Professor Miller’s research group has one or two research positions open for undergraduates with an interest in physical chemistry and a strong mathematical background.
The group’s research focuses on the spectroscopic detection and characterization of reactive chemical intermediates. These molecules play critical roles in a variety of processes of significant importance to our society and economy, examples of which include combustion, atmospheric and interstellar chemistry, plasmas and reacting flows. Recent analytical work in my group has involved the simulation of observed electronic-absorption spectra of HO2 free radicals. These simulations allow the determination of HO2 concentrations that are critical to the understanding of the kinetics of electrical discharges, atmospheric shock waves, and various non-equilibrium, reacting flows. Other work focuses on analysis of spectra of larger polyatomic molecules, typically free radicals and often of high symmetry, with emphasis on the utilization of quantum chemistry calculations. This work involves understanding and calculating the extent of various interactions affecting the spectral structure typical of open-shell, free-radical spectra, such as the breakdown of the Born-Oppenheimer approximation, vibronic coupling, conical interactions, and the Jahn-Teller effect.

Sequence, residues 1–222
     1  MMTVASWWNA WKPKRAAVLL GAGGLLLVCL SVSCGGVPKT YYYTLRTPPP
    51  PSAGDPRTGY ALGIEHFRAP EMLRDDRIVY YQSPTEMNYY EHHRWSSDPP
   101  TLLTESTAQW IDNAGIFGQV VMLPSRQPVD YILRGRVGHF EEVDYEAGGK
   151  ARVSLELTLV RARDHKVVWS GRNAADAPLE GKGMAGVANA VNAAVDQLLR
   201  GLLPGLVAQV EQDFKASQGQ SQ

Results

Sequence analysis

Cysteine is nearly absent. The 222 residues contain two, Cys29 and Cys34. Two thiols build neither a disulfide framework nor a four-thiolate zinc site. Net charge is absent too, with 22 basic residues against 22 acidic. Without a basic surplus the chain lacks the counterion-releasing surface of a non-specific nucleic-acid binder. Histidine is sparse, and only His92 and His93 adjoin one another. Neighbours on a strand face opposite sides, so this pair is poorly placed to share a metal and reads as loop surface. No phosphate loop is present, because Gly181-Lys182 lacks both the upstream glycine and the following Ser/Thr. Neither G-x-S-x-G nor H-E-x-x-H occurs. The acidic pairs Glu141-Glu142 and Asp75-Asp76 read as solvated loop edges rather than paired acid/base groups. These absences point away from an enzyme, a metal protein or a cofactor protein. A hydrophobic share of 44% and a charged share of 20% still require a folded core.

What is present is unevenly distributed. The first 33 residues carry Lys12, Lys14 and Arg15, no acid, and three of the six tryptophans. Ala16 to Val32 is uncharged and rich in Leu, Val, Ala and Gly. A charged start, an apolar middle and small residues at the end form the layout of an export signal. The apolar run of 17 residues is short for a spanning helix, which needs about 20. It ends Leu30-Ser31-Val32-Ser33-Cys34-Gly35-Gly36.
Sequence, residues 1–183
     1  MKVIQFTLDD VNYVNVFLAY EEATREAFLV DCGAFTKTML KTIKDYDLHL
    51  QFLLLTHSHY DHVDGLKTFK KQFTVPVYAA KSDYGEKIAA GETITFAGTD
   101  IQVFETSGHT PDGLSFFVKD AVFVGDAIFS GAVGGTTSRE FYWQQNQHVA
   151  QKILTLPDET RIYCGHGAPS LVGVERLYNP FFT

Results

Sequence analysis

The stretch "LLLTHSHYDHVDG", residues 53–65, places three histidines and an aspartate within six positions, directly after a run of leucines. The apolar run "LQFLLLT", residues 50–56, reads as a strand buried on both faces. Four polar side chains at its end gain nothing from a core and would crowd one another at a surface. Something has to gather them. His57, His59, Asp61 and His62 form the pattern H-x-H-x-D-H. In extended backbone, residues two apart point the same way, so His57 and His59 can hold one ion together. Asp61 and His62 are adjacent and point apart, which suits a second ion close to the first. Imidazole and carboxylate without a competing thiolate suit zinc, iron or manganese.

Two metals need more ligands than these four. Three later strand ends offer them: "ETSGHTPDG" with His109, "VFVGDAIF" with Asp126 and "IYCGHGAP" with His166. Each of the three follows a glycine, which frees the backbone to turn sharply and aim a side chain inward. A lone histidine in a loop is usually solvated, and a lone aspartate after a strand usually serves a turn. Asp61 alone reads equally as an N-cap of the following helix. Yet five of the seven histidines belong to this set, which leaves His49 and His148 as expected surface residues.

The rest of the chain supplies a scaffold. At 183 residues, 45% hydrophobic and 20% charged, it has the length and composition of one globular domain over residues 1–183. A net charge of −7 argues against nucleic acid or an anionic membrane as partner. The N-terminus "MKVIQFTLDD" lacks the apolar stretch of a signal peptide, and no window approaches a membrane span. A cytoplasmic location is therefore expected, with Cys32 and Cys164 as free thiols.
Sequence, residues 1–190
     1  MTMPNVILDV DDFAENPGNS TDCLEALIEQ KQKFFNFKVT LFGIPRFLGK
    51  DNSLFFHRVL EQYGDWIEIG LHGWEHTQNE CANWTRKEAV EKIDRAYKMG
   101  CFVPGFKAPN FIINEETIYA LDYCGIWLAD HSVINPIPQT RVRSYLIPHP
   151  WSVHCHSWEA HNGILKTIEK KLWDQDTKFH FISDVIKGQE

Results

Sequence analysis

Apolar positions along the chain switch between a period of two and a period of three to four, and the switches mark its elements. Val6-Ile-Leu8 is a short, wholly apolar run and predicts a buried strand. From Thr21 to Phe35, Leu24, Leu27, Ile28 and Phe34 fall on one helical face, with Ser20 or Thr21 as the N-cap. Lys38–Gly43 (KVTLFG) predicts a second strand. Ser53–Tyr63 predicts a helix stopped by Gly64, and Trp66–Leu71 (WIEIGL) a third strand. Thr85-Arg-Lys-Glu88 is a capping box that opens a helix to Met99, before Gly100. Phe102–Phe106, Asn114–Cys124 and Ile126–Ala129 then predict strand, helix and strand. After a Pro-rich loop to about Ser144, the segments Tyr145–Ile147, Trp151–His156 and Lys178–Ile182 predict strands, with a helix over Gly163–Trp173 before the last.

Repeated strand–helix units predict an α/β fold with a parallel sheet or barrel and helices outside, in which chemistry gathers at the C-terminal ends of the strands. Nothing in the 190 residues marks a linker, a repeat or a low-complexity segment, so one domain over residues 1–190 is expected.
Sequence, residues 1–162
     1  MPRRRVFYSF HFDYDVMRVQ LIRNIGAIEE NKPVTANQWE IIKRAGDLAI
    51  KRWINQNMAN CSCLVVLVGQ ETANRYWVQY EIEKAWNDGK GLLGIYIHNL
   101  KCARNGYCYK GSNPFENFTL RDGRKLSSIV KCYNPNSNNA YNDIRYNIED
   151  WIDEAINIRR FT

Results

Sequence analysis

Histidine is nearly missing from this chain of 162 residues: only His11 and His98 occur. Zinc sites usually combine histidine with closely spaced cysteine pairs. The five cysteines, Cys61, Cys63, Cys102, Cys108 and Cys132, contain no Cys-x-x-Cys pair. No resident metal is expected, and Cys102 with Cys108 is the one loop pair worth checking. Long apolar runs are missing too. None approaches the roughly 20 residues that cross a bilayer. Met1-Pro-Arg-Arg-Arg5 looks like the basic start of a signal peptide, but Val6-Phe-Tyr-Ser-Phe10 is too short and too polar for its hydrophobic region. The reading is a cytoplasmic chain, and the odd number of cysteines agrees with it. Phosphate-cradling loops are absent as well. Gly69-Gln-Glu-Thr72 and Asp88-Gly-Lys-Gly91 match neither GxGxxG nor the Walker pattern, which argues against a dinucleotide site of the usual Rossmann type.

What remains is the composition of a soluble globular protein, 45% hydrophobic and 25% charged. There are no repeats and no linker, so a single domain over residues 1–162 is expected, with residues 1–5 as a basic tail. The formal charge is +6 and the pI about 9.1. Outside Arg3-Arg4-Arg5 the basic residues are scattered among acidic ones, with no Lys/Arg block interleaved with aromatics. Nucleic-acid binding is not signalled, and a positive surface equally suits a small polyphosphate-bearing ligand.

Dr. Miller’s group specializes in theoretical/computational work. However, they maintain active collaborations with experimental groups in Engineering at Ohio State and Chemistry at the University of Louisville as well as a strong collaboration with a theoretical group, highly skilled in electronic structure calculations, at the University of Florida.
Research support is provided from an OSU Advancement fund. This funding is normally reserved for the summer, but class credit, e.g., CHEM 4998H, can be earned for research during the academic year. This undergraduate program has been on-going for several years. The undergraduates involved typically make research presentations at more than one international meeting and prepare a senior thesis. So far all have been a co-author on a research publication. One student is scheduled to graduate this spring; previous graduates are now working for their Ph.D.’s in Chemistry at M.I.T. and UC, Berkeley.
Interested students should email Professor Miller (firstname.lastname@example.org) and include a brief summary of their relevant experience, including class work. The plan would be for the selected students to participate in undergraduate research during spring semester and then have a research position funded for the summer.